Thursday, June 12, 2008

Lanier responds

Josh Lanier followed up Saxby Chambliss's attack by being considerate enough to translate what Chambliss really meant for all of us. Got to say this, Lanier doesn't shy away from a fight.

And, in another Lanier note, he was kind enough to email me and discuss some of his reasons for adhering to principle of not accepting any contribution that isn't from an individual or larger than $100, doing so because he believes in the proposed Fair Elections Now Act and said legislation has this principle in it.


Anonymous Anonymous said...

Excellent lanier promo. If only the guy had some money and a chance in GA

12:28 PM  
Blogger Debra said...

I applaud Josh Lanier for not only talking the talk, but for walking the walk. It takes real courage and dedication for a candidate of the high caliber of Josh Lanier to turn down money from PACs, and accept contributions from only individuals, and no more than $100.00 from any one individual, at that.

I've often heard the saying " we need to be the change we wish to see in the world". With his "Un-campaign" Josh Lanier embodies that change, completely.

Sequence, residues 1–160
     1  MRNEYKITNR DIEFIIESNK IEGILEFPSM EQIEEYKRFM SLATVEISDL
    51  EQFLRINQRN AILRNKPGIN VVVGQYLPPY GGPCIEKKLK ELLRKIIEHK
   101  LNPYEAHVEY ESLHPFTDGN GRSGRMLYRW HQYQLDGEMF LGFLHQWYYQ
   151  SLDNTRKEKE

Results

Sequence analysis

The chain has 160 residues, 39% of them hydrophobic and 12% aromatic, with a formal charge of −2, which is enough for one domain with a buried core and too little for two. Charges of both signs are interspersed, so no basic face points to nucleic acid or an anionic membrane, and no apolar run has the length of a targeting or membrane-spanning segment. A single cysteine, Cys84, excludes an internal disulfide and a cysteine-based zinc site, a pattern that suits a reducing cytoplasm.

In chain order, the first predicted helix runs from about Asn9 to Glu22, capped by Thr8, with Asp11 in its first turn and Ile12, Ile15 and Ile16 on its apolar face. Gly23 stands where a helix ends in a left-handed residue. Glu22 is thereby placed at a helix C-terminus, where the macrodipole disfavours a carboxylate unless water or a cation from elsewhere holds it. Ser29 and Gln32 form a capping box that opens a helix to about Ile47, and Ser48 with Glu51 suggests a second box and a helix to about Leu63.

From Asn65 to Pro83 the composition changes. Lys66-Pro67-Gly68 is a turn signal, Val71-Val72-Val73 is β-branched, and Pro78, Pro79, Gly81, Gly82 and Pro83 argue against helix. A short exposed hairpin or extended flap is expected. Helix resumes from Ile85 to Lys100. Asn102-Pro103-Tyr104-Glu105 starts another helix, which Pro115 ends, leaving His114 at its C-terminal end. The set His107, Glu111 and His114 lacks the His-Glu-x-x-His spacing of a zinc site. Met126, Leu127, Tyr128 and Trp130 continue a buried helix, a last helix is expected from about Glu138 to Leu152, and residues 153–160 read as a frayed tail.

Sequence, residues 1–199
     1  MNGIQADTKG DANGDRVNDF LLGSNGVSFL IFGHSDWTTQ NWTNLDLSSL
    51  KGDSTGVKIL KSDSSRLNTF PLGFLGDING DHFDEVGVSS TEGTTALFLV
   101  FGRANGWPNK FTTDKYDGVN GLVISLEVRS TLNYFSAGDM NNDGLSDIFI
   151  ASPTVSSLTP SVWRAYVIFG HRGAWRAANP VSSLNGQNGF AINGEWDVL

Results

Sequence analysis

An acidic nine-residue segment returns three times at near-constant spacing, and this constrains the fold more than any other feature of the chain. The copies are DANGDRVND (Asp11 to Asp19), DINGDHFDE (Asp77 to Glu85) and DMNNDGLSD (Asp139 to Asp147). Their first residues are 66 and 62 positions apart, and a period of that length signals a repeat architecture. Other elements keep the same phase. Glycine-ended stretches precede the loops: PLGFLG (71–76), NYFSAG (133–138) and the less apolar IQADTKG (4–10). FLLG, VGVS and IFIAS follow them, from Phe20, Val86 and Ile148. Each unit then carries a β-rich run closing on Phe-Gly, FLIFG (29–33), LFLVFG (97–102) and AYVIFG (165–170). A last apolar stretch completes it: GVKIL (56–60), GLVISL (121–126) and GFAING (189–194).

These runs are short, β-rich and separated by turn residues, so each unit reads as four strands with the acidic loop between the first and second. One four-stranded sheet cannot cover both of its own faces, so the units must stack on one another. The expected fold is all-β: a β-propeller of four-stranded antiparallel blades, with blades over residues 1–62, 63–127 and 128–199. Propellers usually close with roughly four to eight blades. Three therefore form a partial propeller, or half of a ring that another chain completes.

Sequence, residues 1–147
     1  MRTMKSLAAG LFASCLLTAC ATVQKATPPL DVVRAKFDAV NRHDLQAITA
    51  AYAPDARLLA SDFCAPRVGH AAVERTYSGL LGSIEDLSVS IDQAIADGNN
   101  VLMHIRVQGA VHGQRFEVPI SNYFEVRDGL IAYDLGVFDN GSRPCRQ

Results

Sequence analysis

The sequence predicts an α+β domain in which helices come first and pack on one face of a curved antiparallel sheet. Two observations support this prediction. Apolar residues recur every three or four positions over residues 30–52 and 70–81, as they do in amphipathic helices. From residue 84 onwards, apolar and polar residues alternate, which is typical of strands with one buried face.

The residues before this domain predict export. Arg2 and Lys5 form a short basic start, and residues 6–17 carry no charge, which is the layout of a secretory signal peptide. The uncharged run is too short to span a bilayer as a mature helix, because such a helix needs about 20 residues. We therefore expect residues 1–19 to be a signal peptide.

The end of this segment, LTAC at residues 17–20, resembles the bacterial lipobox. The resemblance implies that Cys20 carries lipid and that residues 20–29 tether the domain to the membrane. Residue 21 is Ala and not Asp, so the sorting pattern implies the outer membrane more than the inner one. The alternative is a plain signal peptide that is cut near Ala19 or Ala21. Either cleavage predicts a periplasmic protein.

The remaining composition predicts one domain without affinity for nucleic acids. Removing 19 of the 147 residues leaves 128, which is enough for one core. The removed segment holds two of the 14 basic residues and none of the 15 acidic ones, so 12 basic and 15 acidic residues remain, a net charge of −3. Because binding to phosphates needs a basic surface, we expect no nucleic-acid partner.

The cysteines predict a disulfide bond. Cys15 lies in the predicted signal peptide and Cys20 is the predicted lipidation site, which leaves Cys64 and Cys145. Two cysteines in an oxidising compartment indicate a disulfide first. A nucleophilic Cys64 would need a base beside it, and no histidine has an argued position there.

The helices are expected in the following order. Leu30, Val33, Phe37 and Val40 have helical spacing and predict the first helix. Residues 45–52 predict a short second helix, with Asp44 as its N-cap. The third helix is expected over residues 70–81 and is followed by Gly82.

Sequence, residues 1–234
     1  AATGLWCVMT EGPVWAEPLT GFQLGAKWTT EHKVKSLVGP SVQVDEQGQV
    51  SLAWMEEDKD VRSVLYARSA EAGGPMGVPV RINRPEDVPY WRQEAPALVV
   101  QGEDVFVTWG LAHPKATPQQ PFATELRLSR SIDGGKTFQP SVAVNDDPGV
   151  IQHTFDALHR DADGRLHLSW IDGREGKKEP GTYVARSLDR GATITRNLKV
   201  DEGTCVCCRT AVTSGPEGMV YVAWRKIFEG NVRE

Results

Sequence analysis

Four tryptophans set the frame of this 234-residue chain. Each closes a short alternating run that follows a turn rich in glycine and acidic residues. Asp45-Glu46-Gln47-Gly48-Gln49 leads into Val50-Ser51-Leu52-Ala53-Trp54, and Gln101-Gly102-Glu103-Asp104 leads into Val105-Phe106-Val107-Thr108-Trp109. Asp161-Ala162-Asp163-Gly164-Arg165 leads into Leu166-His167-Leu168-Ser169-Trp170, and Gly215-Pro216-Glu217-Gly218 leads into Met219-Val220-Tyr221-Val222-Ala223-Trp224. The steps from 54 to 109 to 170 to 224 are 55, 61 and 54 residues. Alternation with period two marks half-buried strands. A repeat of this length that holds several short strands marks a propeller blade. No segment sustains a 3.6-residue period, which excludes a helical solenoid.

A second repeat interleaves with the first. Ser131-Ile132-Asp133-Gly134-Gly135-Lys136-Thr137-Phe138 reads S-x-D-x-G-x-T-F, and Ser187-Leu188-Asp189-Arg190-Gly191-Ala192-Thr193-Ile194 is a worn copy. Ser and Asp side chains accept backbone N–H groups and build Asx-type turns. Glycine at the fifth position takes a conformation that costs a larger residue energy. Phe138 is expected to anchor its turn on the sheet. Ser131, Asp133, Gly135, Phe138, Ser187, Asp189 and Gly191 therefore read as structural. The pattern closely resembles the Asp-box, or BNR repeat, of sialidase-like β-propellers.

12:08 AM  
Anonymous Anonymous said...

Yeah, except he ain't gonna win with that strategy. I'd rather have someone whose politics I like get elected than make a stand like his and go down in flames. That's the problem w/ the left. They're afraid to engage in some good old fashioned (metaphorically-speaking) street brawling. You gotta win the election before you can be the change you want to be.

10:09 AM  
Blogger Jmac said...

That's the problem w/ the left. They're afraid to engage in some good old fashioned (metaphorically-speaking) street brawling. You gotta win the election before you can be the change you want to be.

Well, on some level, I can concede this point actually. Having just watched Recount which chronicled the Florida recount in 2000, it was clear there were two distinctly different strategies in play ...

Gore sought to employ legitimate legal challenges to ensure that votes were tallied, while the Bush team recognized that, with a narrow margin of initial victory, hand recounts would hurt him. As a result, they employed a very effective public relations and field strategy and, for the most part, established the narrative and set the pace for the remainder of the recount.

Jim Baker's even quoted as acknowledging that the recount would be a street fight, while Warren Christopher sought to pursue legal strategies.

Now, that's merely a random sidebar, but I don't think those comments are without merit. That said, I, like Debra, applaud Lanier for waging such a principled campaign. He very well may not win, but it's attempting to change the way the game is played and perhaps his efforts will pay off for both parties down the road.

10:33 AM  
Blogger Xon said...